Last updated: 12:00 PM ET, Mon October 10 2016

Service Resumes at Hoboken Terminal Following Fatal Train Crash

Impacting Travel | Donald Wood | October 10, 2016

Service Resumes at Hoboken Terminal Following Fatal Train Crash

Photo: Aftermath of train crash at Hoboken Terminal on Sept. 29. (Photo via @NBCNewYork)

On Monday, New Jersey Transit service began once again at the Hoboken Terminal less than two weeks after a train crashed at the facility, killing one person and leaving over 100 more injured.

According to The Associated Press, eight of the 17 tracks at the Hoboken Terminal were reopened Monday at 6:30 a.m. local time. While tracks 10 through 17 are now open for travel, Tracks 1 through 9 remain closed as repairs continue following the accident.

NJ Transit officials are warning travelers about longer wait times due to the tracks which have not reopened, and they are suggesting commuters consider other bus, rail and light rail services until the Hoboken Terminal is 100 percent operational again.

In response to the crash, NJ Transit has now instituted a new set of rules that requires the conductor to join the engineer in the first car whenever a train pulls into the terminal. In the case of another emergency, there will now be two trained professionals who can assess what’s happening and work together to avoid a similar incident.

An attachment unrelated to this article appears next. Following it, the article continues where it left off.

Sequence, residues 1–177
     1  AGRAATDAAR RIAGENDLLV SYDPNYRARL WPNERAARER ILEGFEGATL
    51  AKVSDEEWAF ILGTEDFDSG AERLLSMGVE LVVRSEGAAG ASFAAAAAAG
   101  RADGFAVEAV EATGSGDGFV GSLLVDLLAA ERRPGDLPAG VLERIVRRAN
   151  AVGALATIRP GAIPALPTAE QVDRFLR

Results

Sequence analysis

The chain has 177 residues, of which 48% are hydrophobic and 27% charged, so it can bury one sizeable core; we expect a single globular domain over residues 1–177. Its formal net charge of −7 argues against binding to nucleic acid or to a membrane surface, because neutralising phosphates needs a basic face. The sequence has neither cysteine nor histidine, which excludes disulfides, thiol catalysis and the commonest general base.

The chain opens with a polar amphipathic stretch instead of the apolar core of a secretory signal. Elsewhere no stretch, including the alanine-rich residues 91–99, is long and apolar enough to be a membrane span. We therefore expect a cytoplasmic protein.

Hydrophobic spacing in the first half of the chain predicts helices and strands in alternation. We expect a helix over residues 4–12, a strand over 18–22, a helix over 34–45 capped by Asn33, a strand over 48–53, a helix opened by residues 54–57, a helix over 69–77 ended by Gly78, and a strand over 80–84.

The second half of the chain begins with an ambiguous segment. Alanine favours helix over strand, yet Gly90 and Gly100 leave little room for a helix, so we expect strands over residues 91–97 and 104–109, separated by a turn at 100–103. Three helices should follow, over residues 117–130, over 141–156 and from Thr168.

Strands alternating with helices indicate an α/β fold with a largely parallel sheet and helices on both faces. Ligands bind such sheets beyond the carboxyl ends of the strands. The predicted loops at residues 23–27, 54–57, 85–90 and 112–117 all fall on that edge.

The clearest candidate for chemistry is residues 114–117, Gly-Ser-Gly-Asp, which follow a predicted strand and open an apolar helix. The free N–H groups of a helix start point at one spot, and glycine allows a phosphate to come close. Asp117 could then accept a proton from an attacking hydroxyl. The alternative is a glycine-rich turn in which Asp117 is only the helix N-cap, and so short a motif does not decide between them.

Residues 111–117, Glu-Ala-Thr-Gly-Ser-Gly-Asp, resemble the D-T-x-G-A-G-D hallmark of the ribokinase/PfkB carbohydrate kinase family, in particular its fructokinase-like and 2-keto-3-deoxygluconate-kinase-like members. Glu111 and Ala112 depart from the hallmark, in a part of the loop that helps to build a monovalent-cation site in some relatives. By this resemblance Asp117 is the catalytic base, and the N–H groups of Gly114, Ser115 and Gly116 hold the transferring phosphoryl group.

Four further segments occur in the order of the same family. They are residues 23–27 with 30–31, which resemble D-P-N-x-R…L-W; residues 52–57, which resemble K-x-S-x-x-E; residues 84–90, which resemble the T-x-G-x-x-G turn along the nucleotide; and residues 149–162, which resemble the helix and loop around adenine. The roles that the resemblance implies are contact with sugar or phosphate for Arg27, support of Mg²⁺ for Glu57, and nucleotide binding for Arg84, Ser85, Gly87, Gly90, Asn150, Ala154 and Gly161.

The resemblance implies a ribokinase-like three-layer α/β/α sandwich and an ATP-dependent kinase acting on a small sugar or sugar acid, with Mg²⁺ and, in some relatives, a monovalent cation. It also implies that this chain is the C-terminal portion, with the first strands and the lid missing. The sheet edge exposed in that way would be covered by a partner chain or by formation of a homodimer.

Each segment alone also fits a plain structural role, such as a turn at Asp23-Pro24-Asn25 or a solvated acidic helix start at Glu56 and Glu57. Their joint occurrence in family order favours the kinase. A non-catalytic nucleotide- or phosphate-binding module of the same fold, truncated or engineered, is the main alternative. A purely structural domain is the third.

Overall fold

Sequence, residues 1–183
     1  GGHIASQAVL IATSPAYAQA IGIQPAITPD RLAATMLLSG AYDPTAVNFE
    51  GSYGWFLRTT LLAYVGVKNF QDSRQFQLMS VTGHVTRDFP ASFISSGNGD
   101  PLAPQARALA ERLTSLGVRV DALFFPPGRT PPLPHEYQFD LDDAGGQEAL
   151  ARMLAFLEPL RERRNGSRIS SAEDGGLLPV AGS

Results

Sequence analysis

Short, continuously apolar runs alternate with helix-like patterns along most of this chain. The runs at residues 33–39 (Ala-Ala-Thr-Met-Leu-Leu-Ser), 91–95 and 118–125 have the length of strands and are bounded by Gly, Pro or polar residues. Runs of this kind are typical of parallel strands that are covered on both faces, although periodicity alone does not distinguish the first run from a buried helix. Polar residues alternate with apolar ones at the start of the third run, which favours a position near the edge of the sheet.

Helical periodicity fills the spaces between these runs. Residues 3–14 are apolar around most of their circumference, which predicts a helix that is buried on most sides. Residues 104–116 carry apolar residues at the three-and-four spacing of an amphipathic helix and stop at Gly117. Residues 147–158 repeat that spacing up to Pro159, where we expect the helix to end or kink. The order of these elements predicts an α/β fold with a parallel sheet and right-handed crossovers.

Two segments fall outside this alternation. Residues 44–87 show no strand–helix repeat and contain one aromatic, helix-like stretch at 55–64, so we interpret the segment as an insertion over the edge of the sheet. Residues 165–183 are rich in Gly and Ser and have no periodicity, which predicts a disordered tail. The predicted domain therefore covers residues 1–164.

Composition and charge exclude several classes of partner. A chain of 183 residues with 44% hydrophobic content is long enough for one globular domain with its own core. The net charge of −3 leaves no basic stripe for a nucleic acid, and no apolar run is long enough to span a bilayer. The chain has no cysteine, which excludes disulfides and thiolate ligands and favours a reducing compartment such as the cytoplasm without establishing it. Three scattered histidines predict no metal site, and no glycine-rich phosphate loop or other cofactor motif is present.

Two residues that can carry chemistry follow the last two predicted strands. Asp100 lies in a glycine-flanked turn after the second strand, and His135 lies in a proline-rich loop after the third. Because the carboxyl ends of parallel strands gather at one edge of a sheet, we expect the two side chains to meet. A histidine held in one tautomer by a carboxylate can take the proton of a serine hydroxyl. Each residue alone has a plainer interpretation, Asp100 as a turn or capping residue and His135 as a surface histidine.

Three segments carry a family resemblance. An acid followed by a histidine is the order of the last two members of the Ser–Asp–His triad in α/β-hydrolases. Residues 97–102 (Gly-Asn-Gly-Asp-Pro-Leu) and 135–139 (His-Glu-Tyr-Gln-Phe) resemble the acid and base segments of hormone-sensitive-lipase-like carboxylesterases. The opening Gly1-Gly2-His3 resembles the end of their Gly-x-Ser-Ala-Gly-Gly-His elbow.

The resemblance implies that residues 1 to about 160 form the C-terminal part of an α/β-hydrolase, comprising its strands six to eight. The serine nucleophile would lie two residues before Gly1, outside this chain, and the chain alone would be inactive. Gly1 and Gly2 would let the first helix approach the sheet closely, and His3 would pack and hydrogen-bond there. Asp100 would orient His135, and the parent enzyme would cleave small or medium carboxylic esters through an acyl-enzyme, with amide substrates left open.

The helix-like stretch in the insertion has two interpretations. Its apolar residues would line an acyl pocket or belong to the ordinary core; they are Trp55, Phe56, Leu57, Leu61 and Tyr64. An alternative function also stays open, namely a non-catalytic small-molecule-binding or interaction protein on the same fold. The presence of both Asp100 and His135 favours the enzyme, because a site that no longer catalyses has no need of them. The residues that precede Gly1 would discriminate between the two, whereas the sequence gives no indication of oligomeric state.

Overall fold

The original accident took place on Sept. 29 when a NJ Transit train crashed through a bumper at the end of the track and dislodged an overhead canopy. During the incident, a woman standing on the platform was killed and more than 100 others were injured.

The National Transportation Safety Board continues to investigate the accident, and officials have found evidence suggesting the train was going twice the 10 miles per hour speed limit marked for the terminal.

Two black boxes and the front-facing video footage have been recovered from the train crash. While the first black box was unusable, investigators used the other information to conclude that the train’s engineer accelerated to 21 miles per hour before using the emergency brake just prior to the crash.

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